The city of Auburn is located approximately 35 miles west of Syracuse, NY and 120 miles east of Buffalo. Located in the heart of the Finger Lakes Region, Auburn is rich in culture, arts and history. The city offers a rich array of museums, historic sites and national landmarks.
Harriet Tubman Home
Harriet Tubman’s life was a monument to courage and determination that continues to stand out in American history. After escaping from slavery, into which she was born, she made thirteen missions to rescue more than 70 slaves using the network of antislavery activists and safe houses known as the Underground Railroad. She later helped John Brown recruit men for his raid on Harpers Ferry, Va. After the war, she retired to her home in Auburn to care for her aging parents while remaining active in the women’s suffrage movement.
Willard Memorial Chapel
Once part of the Auburn Theological Seminary, an educational facility that produced thousands of pastors and missionaries, the Chapel is an unparalleled example of L.C. Tiffany’s work in various mediums. Included in the interior are 14 opalescent windows, a rose window, a large figure window, nine Mooresque-styled chandeliers, memorial tablets of glass mosaic tile and gilt bronze, furnishings of oak inlaid with metal and glass mosaic, a ceiling with gold leaf stencils and mosaic flooring. Built in 1892-1894, the interior of the Chapel was designed and handcrafted entirely by Tiffany Glass Co., and is the only complete and unaltered Tiffany designed religion interior known to exist in the world.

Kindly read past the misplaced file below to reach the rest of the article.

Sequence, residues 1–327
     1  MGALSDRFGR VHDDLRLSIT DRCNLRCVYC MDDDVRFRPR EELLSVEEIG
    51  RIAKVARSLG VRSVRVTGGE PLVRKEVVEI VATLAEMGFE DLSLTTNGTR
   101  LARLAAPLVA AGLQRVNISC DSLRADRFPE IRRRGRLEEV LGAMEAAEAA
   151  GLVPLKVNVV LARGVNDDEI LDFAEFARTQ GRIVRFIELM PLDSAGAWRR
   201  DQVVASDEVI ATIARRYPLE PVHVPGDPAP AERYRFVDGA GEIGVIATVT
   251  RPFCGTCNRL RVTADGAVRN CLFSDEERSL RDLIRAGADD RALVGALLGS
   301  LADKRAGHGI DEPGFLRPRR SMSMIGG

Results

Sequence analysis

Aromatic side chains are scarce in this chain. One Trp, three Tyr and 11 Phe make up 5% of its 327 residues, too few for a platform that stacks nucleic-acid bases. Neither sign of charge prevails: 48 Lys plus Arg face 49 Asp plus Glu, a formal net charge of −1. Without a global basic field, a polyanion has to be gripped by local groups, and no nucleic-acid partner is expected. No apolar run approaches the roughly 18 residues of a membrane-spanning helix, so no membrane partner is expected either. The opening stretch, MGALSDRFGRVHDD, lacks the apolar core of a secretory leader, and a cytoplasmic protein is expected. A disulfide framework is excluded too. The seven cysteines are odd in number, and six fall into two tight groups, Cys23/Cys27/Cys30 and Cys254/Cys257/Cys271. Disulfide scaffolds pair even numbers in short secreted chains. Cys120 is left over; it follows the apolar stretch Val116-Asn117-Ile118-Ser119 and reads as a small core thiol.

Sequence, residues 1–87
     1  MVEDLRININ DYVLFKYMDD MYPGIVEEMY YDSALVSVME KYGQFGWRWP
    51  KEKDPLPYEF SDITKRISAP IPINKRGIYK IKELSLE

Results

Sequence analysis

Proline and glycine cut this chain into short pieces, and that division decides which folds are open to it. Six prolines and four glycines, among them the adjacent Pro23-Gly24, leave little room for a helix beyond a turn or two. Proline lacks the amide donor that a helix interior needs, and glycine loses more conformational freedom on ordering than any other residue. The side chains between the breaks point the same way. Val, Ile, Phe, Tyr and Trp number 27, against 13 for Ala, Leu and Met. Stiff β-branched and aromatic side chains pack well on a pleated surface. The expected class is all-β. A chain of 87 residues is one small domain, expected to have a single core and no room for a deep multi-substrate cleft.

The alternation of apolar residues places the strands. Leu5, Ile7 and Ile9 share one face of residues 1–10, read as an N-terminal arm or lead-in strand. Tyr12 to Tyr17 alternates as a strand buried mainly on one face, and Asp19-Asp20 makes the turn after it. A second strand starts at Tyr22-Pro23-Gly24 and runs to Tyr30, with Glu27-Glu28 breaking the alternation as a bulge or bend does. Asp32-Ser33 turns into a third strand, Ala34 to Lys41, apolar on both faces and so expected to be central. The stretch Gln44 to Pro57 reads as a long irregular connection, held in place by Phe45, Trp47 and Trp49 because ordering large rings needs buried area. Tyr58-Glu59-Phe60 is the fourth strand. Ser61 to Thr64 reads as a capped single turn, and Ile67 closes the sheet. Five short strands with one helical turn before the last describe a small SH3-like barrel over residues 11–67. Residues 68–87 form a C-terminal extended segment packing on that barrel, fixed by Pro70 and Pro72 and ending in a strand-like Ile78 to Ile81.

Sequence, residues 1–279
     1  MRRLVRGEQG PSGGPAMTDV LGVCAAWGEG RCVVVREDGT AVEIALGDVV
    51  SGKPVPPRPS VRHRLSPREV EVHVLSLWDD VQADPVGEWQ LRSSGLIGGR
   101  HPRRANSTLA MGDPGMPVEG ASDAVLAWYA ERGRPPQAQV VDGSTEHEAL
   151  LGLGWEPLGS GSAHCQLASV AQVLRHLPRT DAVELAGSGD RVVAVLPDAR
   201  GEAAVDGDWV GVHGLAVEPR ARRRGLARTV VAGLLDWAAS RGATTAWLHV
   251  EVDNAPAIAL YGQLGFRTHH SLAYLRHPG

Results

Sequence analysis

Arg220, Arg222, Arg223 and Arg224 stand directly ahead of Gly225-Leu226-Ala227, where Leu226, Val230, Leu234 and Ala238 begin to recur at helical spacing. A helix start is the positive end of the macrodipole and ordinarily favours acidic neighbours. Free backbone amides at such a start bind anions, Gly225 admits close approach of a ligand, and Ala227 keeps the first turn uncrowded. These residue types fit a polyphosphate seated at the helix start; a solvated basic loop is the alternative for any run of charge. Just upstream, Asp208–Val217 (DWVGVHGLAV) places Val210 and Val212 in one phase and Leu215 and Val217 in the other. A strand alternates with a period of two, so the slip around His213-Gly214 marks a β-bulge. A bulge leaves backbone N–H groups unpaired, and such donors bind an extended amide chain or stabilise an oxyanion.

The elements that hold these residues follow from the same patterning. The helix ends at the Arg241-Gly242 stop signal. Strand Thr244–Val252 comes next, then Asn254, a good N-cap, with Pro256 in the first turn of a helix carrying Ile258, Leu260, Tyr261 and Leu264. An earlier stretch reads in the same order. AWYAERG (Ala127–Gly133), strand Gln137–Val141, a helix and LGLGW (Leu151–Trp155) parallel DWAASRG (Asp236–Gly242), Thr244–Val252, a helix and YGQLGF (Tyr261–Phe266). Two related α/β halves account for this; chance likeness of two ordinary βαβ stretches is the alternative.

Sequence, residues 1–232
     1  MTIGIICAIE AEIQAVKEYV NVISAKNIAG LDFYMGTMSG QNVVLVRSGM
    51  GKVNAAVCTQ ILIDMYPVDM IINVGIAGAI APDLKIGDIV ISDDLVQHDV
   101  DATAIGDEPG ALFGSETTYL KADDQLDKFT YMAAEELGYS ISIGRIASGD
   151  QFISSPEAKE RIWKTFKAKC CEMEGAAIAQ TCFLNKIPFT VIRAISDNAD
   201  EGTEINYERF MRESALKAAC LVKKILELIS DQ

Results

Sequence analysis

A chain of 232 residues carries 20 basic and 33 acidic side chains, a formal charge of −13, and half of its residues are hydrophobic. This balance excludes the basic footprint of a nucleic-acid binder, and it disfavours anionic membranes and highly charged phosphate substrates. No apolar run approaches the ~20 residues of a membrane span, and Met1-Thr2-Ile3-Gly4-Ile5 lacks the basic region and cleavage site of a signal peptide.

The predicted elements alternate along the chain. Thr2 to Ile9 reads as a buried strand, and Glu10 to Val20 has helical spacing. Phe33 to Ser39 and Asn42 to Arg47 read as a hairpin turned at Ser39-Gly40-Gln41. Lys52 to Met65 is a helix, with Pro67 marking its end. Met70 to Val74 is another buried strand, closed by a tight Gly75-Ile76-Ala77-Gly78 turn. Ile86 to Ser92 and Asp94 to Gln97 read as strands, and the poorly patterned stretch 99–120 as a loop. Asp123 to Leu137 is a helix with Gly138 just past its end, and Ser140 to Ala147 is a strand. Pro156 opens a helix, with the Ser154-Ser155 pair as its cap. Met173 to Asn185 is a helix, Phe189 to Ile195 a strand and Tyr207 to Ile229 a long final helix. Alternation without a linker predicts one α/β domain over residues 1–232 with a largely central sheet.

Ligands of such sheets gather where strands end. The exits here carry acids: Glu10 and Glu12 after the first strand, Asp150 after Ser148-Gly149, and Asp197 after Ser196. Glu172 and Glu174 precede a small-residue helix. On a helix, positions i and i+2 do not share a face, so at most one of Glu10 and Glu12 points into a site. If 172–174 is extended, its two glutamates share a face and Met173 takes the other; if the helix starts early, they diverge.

William H. Seward House
This was the home of William H. Seward, a state senator, governor, U.S. senator, presidential candidate, and then Secretary of State under presidents Abraham Lincoln and Andrew Johnson. Among other notable accomplishments, he negotiated the 1867 purchase of Alaska, once known as “Seward’s Folly” but was ultimately a major triumph of statesmanship. Although he spent many years in Albany and Washington, D.C., he called this house his home from the time of his marriage until his death in 1872.
The Playhouse is nationally recognized for its quality of performance. The Merry-Go-Round Musical Theatre produces a season of six large scale musical performances in the historic carousel building in Emerson Park. In addition, the Youth Theatre offers 10 school productions each year in its curriculum based in-school workshop and performance program. Their consistent talent and dedication has earned Auburn’s professional theatre the nickname “Broadway in the Finger Lakes.”